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  • Author or Editor: Kenneth A. Corey x
  • Journal of the American Society for Horticultural Science x
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Water manometers were connected to fruits of tomato (Lycopersicon esculentum Mill.) and pepper (Capsicum annuum L.), and then fruits were submerged in water baths providing initial temperature gradients between fruit and water of 0 to 19C. Apple (Malus domestics Borkh.) fruits, carrot (Daucus carota L.) roots, witloof chicory (Cichorium intybus L.) roots, rhubarb Rheum rhabarbarum L.) petioles, and pokeweed (Phytolacca americana L.) stems were subjected to water bath temperature gradients of 5C. Internal partial vacuums developed in all organs within minutes of imposing the gradients. The maximum partial vacuums in tomato and pepper fruits increased with increasing temperature gradients. Uptake of water accompanied changes in internal pressure reaching maxima of 17% (w/w) and 2% (w/w) of pepper and tomato fruits, respectively, after 22 hours. Maximum pressure changes achieved in bulky organs deviated from those predicted by the ideal gas law, possibly due to concomitant changes in gas pressure upon replacement of intercellular spaces with water and dissolution of CO2. Partial vacuums also developed in pepper fruits, rhubarb petioles, and pokeweed stems following exposure to air 15C cooler than initial organ temperatures. Results point to the role of temperature gradients in the transport of liquids and gases in plant organs.

Free access

Mathematical procedures for predicting steady-state O2 concentrations for a range of packaging conditions for modified-atmosphere packages (MAP) of `Heinz 1370' tomato (Lycopersicon esculentum) were developed and tested. The relationship between O2 consumption rate and O2 concentration was determined using O2 depletion data collected by enclosing tomatoes in jars and sampling head space O2 concentration over time. The fitted function was then used in conjunction with the input variables film permeability to O2 (PO2), film surface area (A), and fruit weight in packages (Wp) to develop an equation to predict steady-state O2 concentrations for different packaging ratios (A/Wp) and film permeabilities. Prediction curves showing steady-state O2 concentration for packaging ratios in the range of 1 to 12 closely resembled best-fit curves of experimental data. Increasing temperature from 20 to 28C had little effect on in-package O2 concentration, but decreasing temperature from 28 to 10C led to higher in-package O2 concentrations. The predictive equation developed can be used to select appropriate films and optimize packaging ratios to achieve desired steady-state O2 concentrations for MAP of tomatoes.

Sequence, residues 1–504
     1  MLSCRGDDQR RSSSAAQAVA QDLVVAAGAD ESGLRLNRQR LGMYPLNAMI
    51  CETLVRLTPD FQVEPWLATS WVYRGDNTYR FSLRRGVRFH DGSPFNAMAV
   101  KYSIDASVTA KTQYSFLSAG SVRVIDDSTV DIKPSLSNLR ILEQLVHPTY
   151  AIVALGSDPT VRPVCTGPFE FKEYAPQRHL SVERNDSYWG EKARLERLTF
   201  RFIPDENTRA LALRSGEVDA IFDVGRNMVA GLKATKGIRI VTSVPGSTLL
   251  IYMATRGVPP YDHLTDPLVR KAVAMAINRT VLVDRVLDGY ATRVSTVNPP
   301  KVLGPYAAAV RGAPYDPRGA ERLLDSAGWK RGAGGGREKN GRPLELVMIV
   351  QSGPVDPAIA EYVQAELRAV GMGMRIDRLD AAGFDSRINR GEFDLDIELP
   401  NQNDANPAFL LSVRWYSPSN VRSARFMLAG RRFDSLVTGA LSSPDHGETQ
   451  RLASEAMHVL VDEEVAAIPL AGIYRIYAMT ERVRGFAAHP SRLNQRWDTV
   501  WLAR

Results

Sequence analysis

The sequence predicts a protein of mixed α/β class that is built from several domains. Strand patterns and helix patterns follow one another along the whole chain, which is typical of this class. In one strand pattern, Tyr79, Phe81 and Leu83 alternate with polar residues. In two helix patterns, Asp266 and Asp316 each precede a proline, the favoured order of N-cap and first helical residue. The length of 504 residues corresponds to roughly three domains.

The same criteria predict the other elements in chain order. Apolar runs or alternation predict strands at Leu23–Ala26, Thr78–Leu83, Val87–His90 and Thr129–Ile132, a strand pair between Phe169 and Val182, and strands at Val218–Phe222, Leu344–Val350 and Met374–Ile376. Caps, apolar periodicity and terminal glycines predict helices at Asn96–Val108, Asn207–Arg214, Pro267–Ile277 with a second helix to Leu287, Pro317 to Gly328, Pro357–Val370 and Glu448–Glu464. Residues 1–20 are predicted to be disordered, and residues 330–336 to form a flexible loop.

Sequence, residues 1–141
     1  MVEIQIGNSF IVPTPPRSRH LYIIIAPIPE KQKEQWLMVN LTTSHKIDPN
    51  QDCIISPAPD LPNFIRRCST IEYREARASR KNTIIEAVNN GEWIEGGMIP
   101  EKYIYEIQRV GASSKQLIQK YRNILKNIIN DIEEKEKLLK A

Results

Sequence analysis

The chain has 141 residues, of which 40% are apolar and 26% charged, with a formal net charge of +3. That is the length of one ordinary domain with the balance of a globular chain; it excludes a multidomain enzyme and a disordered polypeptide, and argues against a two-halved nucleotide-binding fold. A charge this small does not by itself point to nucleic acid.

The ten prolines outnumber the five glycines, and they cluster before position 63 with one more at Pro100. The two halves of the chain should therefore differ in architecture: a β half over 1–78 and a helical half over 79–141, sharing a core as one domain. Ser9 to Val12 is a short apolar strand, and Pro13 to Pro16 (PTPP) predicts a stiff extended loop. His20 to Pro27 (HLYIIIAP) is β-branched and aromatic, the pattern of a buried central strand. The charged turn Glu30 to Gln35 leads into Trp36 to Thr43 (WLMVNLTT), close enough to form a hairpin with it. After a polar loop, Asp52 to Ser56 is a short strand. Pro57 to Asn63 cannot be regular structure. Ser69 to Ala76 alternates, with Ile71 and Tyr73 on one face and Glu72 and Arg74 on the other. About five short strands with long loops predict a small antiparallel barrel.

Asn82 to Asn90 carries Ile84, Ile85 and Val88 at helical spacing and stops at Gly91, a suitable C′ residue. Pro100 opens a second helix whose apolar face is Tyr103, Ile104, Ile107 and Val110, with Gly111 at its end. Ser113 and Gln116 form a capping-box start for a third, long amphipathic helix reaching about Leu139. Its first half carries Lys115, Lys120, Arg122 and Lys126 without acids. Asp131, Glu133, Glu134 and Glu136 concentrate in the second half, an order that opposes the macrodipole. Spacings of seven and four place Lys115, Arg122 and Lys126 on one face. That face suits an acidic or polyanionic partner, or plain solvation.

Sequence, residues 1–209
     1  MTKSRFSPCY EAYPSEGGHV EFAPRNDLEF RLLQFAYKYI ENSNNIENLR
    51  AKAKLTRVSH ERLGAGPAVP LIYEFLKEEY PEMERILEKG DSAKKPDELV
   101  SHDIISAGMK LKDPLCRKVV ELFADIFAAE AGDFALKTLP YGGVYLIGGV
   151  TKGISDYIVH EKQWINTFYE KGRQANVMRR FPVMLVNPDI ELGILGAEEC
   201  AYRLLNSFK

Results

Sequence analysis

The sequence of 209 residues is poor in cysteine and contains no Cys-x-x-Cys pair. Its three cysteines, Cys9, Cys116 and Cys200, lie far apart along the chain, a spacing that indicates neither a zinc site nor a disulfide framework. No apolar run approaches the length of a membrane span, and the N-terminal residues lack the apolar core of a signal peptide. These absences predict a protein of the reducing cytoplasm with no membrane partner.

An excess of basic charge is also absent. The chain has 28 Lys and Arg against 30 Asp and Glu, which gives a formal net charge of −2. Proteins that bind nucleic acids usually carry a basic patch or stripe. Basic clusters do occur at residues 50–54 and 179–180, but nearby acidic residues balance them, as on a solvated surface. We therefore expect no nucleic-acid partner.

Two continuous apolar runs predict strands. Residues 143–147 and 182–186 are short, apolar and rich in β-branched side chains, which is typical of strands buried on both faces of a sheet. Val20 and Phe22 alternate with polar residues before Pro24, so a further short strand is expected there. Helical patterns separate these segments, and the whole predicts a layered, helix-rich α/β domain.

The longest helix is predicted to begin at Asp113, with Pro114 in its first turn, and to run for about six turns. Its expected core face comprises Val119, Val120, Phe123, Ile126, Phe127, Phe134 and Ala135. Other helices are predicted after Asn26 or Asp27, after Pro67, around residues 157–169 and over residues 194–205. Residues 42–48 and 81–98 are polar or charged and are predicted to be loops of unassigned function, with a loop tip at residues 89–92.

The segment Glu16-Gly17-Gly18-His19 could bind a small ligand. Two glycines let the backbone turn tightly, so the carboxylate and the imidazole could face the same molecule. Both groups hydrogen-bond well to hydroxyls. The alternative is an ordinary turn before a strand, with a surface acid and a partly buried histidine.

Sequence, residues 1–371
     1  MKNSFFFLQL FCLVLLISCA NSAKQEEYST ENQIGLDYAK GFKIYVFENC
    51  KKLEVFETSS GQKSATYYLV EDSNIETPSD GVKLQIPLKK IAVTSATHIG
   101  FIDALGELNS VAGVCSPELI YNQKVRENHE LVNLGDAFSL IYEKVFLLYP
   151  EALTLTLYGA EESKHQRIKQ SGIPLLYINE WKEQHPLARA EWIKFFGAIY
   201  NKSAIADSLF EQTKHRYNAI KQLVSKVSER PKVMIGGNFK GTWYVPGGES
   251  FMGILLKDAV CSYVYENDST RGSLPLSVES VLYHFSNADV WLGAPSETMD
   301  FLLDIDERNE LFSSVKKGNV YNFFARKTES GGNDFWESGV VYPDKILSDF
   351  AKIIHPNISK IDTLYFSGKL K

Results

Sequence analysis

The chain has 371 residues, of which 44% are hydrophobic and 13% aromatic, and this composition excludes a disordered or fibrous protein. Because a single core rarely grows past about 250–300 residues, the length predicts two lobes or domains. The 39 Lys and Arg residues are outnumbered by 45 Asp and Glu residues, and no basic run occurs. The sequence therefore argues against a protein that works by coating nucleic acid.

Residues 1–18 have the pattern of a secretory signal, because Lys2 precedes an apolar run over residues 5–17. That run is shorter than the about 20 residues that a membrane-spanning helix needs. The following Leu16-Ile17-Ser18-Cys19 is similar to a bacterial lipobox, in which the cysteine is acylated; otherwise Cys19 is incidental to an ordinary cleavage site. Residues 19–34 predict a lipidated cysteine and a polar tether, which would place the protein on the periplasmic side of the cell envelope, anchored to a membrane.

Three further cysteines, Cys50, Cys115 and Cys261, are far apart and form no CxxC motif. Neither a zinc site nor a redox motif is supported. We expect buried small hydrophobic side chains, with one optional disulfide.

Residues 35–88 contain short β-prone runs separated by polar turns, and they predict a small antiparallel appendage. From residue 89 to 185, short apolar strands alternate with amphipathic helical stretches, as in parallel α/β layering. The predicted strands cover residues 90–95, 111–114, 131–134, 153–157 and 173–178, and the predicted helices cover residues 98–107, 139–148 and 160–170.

Free access

Abstract

Tomato plants (Lycopersicon esculentum Mill. ‘Heinz 1350’, yellow-green-5, and neglecta-1) were grown in sand culture with 15 mm NH 4 + or NO 3 and with K+ varying from 0 to 8 mm. Other nutrients were provided at the concentrations of Hoagland's solution. The medium supplying NH 4 + was buffered with CaCO3 (pH 6.9) or was unbuffered (pH 3.4). Silver ions (0.01 μm) were incorporated in the nutrient solution in one experiment. Ammonium nutrition relative to NO 3 nutrition elevated rates of ethylene evolution from all genotypes, but yg-5 and neg-1 showed resistance to NH 4 + toxicity and exhibited relatively low ethylene evolution. Ethylene evolution declined as K+ supply increased. Accelerated rates of ethylene evolution did not occur at tissue K+ concentrations >10 g·kg−1 of the dry weights of shoots with NO 3 nutrition, but higher K+ levels were required with NH 4 + nutrition. Putrescine concentrations in leaves of ‘Heinz 1350’ supplied with NH 4 + were 2 to 5 times greater than in leaves of plants supplied with NO 3 . Potassium deficiency increased putrescine accumulation regardless of N form. Spermidine concentrations in leaves of plants supplied with NH 4 + were lower than in those supplied with NO 3 , whereas spermine concentrations were unaffected by treatments. ‘Heinz 1350’ grown in NH 4 + -based nutrient solutions with 0.01 μΜ Ag+ had low rates of ethylene evolution and developed few symptoms of NH 4 + toxicity. Quantities of ethylene and putrescine produced by tomato genotypes susceptible to the nutritional stresses were linked directly to the degree of stress imposed, and symptoms of NH 4 + toxicity were related to increased ethylene synthesis.

Open Access

Abstract

Field experiments were conducted on a Norfolk loamy sand (fine-loamy, siliceous, thermic Typic Paleudult) from 1983 through 1985 to determine the effects of tillage method, cover crop, and N fertilization on inorganic soil N and yield, yield components, and N content of snap bean (Phaseolus vulgaris L.). Hairy vetch (Vicia villosa Roth), hairy vetch plus wheat (Triticum aestivum L.), Austrian winter pea (Pisum sativum ssp. arvense L. Poir), Austrian winter pea plus wheat, wheat, crimson clover (Trifolium incarnatum L.) and no cover were the cover crop treatments. Inorganic N concentrations generally were greater in soil with cover crop treatments containing legumes than in soil with no cover and wheat treatments. The use of Austrian winter pea, hairy vetch, and crimson clover as cover crops without supplemental N resulted in snap bean yields comparable to those obtained when 90 kg·ha−1 additional N was supplied. Supplemental N decreased the amount of dry matter partitioned into pods. Inorganic N profiles in the soil indicated that conventional tillage (CT) practices resulted in greater mineralization of N fixed by the legume cover crops than no-tillage (NT) practices. However, snap bean yields for NT were comparable to or greater than those obtained with CT, suggesting that N released from legume residues provided sufficient supplemental N for optimum growth and yield.

Open Access